In Brief: Insurance Considerations for Aircraft Financing and Leasing in Canada
Insurance and reinsurance
Summarize any captive insurance regime in your jurisdiction as applicable to aviation.
In Canada, the Office of the Superintendent of Financial Institutions (OSFI) regulates insurance at the federal and provincial levels under the Insurance Companies Act of 1991.
To operate an aircraft, every owner must take out civil liability insurance covering civil liability and the risk of injury or death to passengers. The Air Transport Regulations 1996 set minimum amounts of cover, which may be provided by a single policy or a combination of primary and excess policies. However, owners must meet the minimum coverage amount. Licensees must file, on an annual basis, a certificate of insurance and the accompanying endorsement.
There is no obligation to obtain insurance from national insurance companies. However, all Canadian airlines must obtain their insurance from insurers licensed or registered in Canada, or licensed or approved by a foreign government to issue aircraft insurance policies.
Are curtailment clauses in insurance and reinsurance documentation legally effective?
There is no Canadian case law on the legal effectiveness of transition clauses. However, OSFI has issued guidelines to ensure that the terms of insurance and reinsurance contracts are clear. He stated that such clauses should not be used to frustrate the system of priorities provided by the Winding-up and Restructuring Act. Nevertheless, OSFI also recognizes that there are situations where the interests of insurers and their policyholders may be better served by the use of such clauses. It does not intend to restrict its use in such situations where they do not give preferential treatment over other claims under the Winding-up and Restructuring Act.
Are reinsurance cessions (by domestic or captive insurers) legally effective? Are reinsurance cessions generally provided on aircraft leasing and financing transactions?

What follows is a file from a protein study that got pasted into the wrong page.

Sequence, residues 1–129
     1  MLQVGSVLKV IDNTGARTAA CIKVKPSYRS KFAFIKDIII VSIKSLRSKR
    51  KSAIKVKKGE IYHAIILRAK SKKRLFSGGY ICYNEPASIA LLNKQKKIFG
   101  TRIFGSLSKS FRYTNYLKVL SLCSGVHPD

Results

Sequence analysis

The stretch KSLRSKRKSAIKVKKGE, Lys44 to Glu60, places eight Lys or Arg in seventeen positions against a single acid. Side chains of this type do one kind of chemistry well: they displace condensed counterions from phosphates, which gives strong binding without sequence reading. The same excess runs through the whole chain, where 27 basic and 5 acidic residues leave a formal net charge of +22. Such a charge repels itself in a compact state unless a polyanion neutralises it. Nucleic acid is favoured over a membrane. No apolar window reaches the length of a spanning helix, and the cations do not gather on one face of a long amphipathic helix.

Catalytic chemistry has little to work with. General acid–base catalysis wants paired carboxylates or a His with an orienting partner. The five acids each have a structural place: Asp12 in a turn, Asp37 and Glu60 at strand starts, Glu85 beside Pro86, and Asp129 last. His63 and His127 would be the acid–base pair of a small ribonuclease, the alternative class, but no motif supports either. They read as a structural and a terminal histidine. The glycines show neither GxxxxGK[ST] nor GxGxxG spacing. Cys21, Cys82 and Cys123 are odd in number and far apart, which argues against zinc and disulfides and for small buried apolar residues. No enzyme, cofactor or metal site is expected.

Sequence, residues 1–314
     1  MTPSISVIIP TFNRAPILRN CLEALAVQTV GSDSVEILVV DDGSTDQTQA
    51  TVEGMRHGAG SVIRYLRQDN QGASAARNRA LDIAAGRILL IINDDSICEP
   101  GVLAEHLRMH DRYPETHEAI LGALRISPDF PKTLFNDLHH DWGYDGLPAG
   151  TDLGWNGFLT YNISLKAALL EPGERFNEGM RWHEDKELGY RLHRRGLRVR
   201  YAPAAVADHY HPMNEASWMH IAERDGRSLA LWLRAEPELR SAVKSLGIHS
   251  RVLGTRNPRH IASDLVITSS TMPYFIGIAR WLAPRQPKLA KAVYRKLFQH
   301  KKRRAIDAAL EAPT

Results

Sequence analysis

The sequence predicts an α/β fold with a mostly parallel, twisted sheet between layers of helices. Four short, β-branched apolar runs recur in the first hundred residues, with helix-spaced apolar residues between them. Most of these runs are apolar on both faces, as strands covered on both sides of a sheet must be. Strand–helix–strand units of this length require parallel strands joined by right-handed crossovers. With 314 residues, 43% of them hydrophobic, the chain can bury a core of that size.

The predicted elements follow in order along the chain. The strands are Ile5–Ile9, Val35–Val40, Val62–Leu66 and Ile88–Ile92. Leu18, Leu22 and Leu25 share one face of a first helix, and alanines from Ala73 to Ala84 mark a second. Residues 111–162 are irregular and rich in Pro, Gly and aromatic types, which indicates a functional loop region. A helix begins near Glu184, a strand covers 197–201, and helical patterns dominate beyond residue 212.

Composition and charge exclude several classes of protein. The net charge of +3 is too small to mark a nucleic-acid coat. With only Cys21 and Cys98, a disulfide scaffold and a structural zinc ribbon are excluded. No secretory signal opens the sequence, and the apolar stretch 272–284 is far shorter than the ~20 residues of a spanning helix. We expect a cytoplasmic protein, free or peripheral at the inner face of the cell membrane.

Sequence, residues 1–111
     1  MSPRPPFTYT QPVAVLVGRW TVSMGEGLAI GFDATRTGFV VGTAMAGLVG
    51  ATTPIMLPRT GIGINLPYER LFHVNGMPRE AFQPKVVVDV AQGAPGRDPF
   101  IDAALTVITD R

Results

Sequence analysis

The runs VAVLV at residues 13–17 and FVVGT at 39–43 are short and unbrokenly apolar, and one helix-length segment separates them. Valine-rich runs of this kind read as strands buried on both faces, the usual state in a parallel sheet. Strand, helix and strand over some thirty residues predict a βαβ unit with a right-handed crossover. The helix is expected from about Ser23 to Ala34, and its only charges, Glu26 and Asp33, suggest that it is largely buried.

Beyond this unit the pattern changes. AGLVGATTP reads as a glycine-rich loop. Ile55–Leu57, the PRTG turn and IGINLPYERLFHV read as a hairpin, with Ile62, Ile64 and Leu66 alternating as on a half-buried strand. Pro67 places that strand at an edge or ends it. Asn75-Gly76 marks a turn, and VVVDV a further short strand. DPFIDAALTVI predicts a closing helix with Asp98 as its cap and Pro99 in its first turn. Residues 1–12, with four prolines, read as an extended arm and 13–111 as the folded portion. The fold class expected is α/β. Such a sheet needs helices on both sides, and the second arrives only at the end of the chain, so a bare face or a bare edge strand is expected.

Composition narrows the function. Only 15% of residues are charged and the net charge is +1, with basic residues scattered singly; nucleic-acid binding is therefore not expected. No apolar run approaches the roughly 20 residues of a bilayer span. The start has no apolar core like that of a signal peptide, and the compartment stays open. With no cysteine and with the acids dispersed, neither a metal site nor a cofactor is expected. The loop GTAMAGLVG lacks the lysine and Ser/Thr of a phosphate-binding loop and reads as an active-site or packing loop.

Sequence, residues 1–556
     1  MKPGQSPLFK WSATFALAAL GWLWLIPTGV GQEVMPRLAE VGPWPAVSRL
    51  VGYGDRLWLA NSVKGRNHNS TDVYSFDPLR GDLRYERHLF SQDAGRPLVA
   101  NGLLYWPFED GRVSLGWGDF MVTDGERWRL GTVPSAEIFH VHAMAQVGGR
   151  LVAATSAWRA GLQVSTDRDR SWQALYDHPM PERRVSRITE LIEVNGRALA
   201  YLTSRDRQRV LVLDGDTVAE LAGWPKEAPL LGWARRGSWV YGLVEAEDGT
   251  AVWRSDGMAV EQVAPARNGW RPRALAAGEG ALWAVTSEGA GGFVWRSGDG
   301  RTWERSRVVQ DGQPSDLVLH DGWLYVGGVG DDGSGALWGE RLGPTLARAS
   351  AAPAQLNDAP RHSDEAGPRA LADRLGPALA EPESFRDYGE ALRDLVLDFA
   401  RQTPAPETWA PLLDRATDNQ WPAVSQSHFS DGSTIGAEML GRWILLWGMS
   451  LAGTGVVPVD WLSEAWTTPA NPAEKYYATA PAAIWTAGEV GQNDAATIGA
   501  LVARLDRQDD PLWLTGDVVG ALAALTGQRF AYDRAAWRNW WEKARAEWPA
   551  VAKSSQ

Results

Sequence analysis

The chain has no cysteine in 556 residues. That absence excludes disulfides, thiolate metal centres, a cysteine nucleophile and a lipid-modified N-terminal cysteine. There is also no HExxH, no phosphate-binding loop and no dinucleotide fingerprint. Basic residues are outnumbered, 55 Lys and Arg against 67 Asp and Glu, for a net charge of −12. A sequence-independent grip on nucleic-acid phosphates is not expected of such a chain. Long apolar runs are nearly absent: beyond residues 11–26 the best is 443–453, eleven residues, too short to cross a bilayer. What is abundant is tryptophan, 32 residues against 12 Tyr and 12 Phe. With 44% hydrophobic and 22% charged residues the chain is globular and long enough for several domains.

Ceded reinsurance is generally not provided for aircraft lease and finance transactions in Canada.
Can an owner, lessor or financier be responsible for the operation of the aircraft or the activities of the operator?
The Air Transport Regulations 1996 require a licensed air carrier operating the aircraft and crew of another air carrier (operating carrier) to carry liability insurance through its own policy insurance or be named as an additional insured under the operating carrier’s policy. This must include a written agreement that the operating carrier will indemnify or hold harmless the contracting carrier for passenger liability and third party liability. In addition, this applies to all wet lease, bulk space and codeshare agreements entered into by both parties. The only exception is when the Licensee causes damage through willful misconduct or gross negligence.
Unless negligence is established on the part of a lessor or financier, they cannot be held liable to an injured third party under Canadian law. It is therefore advisable to have these lessors or financiers added as additional insureds under the applicable insurance policies. The truth is that while indemnification provisions may redirect liability to the operator, lessee or insured air carrier, their coverage may in fact be void. It is important to note that interest severance clauses are particularly useful in these cases, as the named insureds may have invalidated their coverage under the policy.
Does the jurisdiction adopt a strict liability regime for owners, lessors, financiers or others with no operational interest in the aircraft?
No, a fault liability regime applies when ordinary activities can cause accidents. Neither the owner, nor the lessor, nor the financier are strictly responsible for the acts of an operator. Indeed, the operator must indemnify and hold harmless the owner, the lessor or the financier under its insurance policy, except in the case of willful misconduct or gross negligence. However, there have been instances where there was such a close connection between the lessor and the lessee enforcing the applicable regulations that such a lessor was found complicit and therefore liable for the violations.
Are there any minimum requirements regarding the amount of liability cover that must be in place?
Section 7 of the Air Transport Regulations 1996 sets the minimum amount of liability cover for peril or death of passengers at CA$300,000 per passenger seated on board the aircraft and the cover for third party liability at :
- $1.985 million Canadian if the aircraft engaged in the service weighs less than 7,500 pounds;
- 3.97 million Canadian dollars if the service is between 7,500 and 18,000 pounds; and
- $3.97 million CAD for services over 18,000 pounds and an additional $300 CAD per number of books over 18,000 pounds.
Coverage requirements exclude employees of the air carrier. These requirements exist for all commercial air operators.